Columns » Max Brantley

Sold! American government

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With the general election eight months away, it's not too early to say that the electoral process has been purchased by the highest bidders.

In its Citizens United ruling, the U.S. Supreme Court opened the door to unlimited spending by corporations and the super rich in nominally independent causes. It took only a few weeks of the Republican presidential primary to prove the court's naivete in believing that spending would be independent.

The race in the Republican primary seems ready to go to the richest Super PAC, the one created by friends of Mitt Romney and run in lockstep — coincidentally, of course — with the Romney campaign. President Obama has sacrificed his own principle and okayed Super PACs in his cause, too.

At the national level, evil may cancel out evil, to a degree.

It's down the ballot where evil multiplies. A Democratic candidate for Congress in Arkansas was heavily damaged in 2010 by $60,000 in independent expenditures by a shadowy group. An outfit with a mail drop in Virginia beat up Bill Halter in his losing primary race against Sen. Blanche Lincoln. A stealth group put $30,000 into 2010 state legislative races that Republicans swept. I don't think it's a bit of exaggeration to say you could buy a majority of the Arkansas legislature with $1 million in targeted expenditures on swing districts.

The money game is played mostly by Republicans. Few deep-pocketed Democrat have taken the long view down the ballot. It is a mistake. It takes only 40 votes in the U.S. Senate to block anything a president might propose. Given the increasing polarity of U.S. congressional districts, control of the U.S. House boils down to a few dozen swing districts, some in media-cheap states like Arkansas.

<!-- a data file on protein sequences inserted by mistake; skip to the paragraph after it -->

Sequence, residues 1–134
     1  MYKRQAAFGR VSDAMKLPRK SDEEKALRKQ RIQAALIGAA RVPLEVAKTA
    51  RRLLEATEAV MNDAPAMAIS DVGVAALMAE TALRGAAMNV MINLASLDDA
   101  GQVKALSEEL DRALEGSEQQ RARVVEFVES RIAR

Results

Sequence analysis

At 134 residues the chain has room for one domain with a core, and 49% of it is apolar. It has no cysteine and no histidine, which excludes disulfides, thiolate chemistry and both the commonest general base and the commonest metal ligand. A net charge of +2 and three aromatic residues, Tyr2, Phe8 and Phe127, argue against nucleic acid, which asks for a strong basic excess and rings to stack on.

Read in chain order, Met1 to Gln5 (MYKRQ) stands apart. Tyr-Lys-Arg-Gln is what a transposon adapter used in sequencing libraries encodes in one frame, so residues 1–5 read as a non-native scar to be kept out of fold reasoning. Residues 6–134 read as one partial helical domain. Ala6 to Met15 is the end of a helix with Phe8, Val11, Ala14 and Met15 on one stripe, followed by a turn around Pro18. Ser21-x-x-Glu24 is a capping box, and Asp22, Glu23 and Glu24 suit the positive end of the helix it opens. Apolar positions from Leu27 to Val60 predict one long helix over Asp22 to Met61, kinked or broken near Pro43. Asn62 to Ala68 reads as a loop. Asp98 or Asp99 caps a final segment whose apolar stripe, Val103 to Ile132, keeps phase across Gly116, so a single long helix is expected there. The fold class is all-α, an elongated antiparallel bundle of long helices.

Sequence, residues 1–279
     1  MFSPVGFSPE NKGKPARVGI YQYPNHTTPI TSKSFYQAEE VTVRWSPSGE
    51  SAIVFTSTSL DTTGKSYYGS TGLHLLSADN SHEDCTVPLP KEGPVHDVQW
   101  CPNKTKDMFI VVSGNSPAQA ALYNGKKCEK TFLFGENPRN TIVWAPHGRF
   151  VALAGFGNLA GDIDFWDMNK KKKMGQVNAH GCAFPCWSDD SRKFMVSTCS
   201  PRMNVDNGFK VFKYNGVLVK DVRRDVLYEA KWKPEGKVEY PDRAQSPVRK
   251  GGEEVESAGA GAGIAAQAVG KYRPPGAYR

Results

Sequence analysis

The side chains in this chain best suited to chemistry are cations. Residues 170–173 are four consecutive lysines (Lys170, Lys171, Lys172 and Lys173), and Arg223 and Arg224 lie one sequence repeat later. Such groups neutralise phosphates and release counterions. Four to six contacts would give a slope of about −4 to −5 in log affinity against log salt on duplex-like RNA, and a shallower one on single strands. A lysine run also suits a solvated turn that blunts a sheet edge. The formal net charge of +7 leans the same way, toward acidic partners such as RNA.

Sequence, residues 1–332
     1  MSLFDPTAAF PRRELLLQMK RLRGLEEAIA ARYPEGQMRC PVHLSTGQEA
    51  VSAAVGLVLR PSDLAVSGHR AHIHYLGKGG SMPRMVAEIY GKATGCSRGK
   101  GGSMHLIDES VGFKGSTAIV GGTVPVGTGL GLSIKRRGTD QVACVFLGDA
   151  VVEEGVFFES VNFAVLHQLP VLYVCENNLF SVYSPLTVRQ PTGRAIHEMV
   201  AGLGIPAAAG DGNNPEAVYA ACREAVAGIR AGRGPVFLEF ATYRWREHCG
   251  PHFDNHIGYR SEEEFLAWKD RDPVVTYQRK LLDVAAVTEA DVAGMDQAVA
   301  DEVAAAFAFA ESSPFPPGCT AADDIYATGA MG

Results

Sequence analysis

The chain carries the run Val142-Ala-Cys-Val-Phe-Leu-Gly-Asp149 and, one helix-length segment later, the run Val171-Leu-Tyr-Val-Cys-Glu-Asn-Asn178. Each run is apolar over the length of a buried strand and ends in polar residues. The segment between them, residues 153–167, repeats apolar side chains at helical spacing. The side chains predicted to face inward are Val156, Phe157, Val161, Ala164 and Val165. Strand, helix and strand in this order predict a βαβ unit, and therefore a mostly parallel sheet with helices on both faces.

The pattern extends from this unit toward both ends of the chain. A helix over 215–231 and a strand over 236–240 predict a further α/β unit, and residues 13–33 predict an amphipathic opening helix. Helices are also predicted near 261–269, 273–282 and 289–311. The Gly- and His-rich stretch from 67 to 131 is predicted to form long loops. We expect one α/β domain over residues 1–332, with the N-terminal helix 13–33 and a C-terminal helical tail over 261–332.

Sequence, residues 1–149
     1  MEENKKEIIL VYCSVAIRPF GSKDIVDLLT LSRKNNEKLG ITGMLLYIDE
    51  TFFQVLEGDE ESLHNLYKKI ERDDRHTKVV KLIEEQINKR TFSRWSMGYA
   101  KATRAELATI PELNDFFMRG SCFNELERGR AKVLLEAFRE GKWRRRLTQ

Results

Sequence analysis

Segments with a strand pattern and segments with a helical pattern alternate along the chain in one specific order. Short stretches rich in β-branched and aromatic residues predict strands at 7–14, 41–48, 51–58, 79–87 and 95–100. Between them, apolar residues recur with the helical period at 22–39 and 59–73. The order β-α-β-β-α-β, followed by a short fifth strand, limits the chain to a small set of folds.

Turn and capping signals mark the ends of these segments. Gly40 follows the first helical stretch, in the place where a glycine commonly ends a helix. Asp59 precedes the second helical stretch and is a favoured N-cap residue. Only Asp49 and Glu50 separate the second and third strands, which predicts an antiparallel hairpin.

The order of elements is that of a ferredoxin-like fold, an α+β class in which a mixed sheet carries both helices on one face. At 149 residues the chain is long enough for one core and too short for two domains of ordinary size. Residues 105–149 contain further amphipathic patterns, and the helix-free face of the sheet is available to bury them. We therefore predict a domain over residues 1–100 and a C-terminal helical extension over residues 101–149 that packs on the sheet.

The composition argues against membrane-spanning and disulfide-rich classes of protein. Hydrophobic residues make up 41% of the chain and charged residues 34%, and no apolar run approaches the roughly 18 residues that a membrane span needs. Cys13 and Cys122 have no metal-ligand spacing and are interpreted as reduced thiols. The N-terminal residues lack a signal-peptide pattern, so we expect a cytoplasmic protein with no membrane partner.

Then there are the state legislatures. The black face of the Democratic presidential nominee was the catalyst for a Republican surge in Arkansas in 2010. Republicans will spend even more this year to get a majority. Expect lots of "independent" expenditures and shadowy front groups. Expect the money to be directed by campaign consultants who have been Republican Party of Arkansas officials. They will identify frequent Republican voters and pound them with direct mail telling them the Democratic candidates hate God and guns and love gays and taxes. They'll sprinkle the mailings liberally with photographs of Barack Obama, preferably in company of Muslims.

These campaign efforts are supported off-season by conservative lobbies such as the Koch brothers-funded Americans for Prosperity. It attacked a Democratic candidate for state House in Little Rock in 2010 because she refused to sign pledges before the fact, whether against anti-pollution laws or anything else. Those who take the pledge are well treated. AFP put on a series of dinners during the legislative session for favored Republican legislators averaging $60 to $90 per person at the swank Capital Hotel, Bosco's and other fine eat-and-drinkeries. It provides junkets, too. Last fall, it sent a clutch of legislators, including House Minority Leader John Burris, to Washington for AFP indoctrination sessions.

Koch money helps drive those behind the kooky constitutional amendment to give the states control over the federal deficit. End result: Strangle the federal government. That will further reduce the Koch brothers' taxes and regulatory pressures.

In short, win enough races in Bigelow and Bodcaw and the next thing you know you might control the whole shebang. In the interim, the 20 billionaires who've put $33 million into Super PACs so far this year can expect a high return from grateful politicians for their comparatively trivial investment. Think Bush tax cuts.

Sign those Regnant Populus Arkansas ethics reforms petitions primary election day. Time is short for the 99 percent.

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